Two nights later we were back at the Nile Porch, this time in tent number 4 with the same incredible view.
“I noticed there’s a door painted obscurely in the front there,” GQ said to Teresa the next morning. “Do you think Bingo would let us cut it into three canvases?”
“Ah, that door,” Saleem reflected as we watched the sun set over the Nile River. “There’s a story behind it.
That door was used for the house and one night our trusted askari (watchman) came in and stole the door.”
“Stole the door?” I repeated.
“Yes – ” Saleem attempted to continue.
“Who steals a door?” I pressed.
“Bro,” Saleem laid it down, “it’s Africa. Anyway, I went looking for that door. I was asking around, going into the villages and checking every door on every house. I was on the hunt. This kid came up to me and showed me where the door was. It was painted but I recognised my fucking door and I took it from the building. The guy claimed that he bought it for 50,000 shillings ($20 AUD) from my askari.
So I told him to come and find me at the Porch. Meanwhile I had called the askari and told him to come over. I deducted 50,000 shillings from the askari’s pay and gave it back to the guy in front of him.”
“And now we’re gonna chop it up and stick it on the wall,” GQ erupted into laughter as did we.
Speaking of, “Shall we get to work?” I asked.
I sawed the door into three almost-equal pieces and hammered in nails after GQ drew the circles.
She created the first two pieces and had a momentary lapse of sanity when she decided to let me do the, “Pièce de résistance,” on the last canvas.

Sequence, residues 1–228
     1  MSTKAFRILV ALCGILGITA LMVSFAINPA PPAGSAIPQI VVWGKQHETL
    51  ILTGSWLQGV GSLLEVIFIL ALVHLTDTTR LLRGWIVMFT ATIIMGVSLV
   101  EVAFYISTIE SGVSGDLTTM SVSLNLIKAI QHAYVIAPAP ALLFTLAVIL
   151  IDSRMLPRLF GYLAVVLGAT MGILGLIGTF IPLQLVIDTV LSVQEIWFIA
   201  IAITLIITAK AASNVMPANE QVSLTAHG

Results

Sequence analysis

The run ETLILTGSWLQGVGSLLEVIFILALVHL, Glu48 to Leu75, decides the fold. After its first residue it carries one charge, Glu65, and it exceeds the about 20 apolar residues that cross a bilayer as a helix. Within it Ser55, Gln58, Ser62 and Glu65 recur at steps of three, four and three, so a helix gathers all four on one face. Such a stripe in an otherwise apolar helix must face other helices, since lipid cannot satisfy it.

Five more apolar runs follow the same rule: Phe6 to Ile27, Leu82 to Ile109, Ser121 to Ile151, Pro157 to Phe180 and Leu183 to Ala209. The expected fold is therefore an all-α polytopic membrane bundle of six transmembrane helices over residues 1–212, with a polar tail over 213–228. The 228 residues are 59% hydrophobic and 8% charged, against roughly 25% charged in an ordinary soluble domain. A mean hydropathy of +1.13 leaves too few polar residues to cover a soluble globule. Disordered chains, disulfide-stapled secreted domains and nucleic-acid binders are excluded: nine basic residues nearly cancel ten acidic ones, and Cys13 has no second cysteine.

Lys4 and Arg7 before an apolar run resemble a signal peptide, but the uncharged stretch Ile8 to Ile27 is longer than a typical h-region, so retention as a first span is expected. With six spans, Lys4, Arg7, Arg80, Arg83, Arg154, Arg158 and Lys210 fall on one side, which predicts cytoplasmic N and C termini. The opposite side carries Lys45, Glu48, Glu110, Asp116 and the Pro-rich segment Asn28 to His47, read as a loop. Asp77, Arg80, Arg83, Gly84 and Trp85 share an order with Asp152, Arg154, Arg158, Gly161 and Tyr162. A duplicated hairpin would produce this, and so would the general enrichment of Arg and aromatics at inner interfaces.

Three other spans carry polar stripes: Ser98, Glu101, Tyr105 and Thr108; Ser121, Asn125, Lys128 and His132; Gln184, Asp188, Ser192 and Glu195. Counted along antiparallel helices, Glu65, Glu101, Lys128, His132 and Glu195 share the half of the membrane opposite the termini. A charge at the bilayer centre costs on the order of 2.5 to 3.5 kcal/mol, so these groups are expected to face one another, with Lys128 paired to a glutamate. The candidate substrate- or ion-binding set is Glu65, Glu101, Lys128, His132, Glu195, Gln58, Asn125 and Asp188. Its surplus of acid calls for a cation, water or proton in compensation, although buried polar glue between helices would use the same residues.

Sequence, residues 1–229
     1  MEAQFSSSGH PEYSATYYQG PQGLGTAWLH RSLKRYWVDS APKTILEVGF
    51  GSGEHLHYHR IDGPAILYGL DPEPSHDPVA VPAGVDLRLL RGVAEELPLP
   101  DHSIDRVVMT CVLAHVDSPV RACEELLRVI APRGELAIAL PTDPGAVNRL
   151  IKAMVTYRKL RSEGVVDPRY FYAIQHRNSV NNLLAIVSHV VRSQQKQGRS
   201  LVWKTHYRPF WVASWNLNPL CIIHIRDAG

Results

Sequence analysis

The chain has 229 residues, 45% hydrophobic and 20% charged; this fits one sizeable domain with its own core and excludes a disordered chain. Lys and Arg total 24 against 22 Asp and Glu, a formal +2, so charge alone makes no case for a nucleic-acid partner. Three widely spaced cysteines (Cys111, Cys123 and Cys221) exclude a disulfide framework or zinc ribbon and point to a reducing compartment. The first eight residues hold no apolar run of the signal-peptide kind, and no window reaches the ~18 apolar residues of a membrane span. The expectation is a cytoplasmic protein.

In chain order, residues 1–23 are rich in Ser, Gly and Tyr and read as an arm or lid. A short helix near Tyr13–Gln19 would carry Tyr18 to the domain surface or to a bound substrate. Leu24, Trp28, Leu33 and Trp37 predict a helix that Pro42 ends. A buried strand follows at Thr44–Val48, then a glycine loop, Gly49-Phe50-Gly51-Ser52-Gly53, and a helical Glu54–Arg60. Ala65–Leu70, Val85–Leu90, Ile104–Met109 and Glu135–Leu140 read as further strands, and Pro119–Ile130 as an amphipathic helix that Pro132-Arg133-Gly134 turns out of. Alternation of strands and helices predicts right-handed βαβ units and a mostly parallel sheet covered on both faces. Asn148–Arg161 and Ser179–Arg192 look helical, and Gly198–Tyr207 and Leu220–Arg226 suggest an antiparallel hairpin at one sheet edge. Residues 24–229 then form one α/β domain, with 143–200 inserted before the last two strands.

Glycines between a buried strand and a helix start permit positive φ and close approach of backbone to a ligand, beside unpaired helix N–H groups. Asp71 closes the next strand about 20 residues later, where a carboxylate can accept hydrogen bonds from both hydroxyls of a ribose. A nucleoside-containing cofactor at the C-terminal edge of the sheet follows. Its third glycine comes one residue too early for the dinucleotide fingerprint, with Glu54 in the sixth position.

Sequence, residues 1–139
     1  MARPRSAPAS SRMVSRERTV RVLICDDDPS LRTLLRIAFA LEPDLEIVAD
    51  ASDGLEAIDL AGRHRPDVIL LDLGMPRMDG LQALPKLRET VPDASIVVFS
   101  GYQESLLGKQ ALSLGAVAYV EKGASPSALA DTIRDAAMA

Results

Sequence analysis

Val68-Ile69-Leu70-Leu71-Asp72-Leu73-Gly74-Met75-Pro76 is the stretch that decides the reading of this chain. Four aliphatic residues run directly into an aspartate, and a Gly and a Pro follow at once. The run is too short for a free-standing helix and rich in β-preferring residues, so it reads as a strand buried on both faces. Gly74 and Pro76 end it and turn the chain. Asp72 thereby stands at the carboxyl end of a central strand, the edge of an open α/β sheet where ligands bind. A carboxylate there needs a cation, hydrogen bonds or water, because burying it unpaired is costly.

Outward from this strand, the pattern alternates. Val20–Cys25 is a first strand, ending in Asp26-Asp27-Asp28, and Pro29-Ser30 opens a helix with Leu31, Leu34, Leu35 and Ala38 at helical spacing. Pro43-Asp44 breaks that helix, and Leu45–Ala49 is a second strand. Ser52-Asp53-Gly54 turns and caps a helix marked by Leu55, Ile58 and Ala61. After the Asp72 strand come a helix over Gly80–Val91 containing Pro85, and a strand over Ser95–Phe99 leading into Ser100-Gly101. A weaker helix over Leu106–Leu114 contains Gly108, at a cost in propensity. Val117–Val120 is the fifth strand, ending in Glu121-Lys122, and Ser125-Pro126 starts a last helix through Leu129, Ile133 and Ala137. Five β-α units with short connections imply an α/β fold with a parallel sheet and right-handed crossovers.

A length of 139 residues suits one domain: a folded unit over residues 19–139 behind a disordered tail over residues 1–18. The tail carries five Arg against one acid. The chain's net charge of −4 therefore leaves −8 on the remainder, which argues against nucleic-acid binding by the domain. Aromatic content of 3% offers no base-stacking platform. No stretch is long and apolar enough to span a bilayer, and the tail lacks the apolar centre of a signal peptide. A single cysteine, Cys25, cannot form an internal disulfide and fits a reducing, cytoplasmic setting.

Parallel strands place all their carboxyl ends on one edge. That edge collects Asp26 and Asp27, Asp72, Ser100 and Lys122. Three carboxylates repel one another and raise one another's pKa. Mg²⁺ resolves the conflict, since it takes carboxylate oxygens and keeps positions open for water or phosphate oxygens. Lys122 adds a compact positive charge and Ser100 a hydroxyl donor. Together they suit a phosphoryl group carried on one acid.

While GQ strung up the first two pieces I spent my time free drawing the font onto the wall. It’d been awhile since I’ve used my brain to this artistic and engineering capacity so it was a little overwhelming at first.
The fuck am I doing? I can’t fuckin’ draw this shit. And on a ladder? The fuck was I thinking. Who put me up to this?
Self-doubt is a bitch of a dog that just wants to bite you in the ass as you try to hop over the fence to safety. But I whipped around and bit that bitch right back. Add on some encouraging words from GQ, the staff (“Well done.”) and some guests and three days later the font was on the wall, somehow looking exactly like the font on the flyer.
“Jesus,” I said aloud standing with GQ, Saleem and Teresa, admiring the sketch. “That was fuckin’ exhausting.”
But now came the hard part – hammering in 1700 nails.
Perhaps we were caught in the euphoria of seeing the work actually coming to life, or perhaps it was the amazing food that distracted us, either way, we were all unaware that the reason why the nails were bending was because they were wood nails.
Even though I was attempting to drill in pilot holes the drill bit wore down and the nails still bent. Turns out it helps if you use a drill bit for concrete rather than for steel.
“Let me call Joque and ask him if he has any drill bits,” Saleem whipped out his phone. “Concrete-steel nails?” I heard him repeat Joque’s suggestion. “Yeah, we could try that.”
Wouldn’t be my first ‘D’oh!’ moment.
Once we had the nails it took two days to hammer them into the points GQ marked.
“Yessis, you guys have patience, aye?” Bingo said on his occasional visit to see how much destruction we were doing to his wall.
Teresa had overheard him explaining what we were doing to some of the guys at the NRC.
“So the guy asks him, ‘But how do they have so much patience to hammer in all those nails?’ and Bingo says, ‘Because they are artists, bru’.”
“You spelt Lantern wrong,” said a guest, attempting suicidal humour.
GQ and I began to string up the letters – which also took two days. When we were done, we stood back like proud parents, admiring our creation.
“Looks amazing,” Bingo said.
“It’s fuckin’ amazing,” Saleem concurred.
“It’s very beautiful,” Teresa added.
“Quite chuffed,” I grinned.
“Quite chuffed,” agreed GQ.
*Check out the Timelapse video here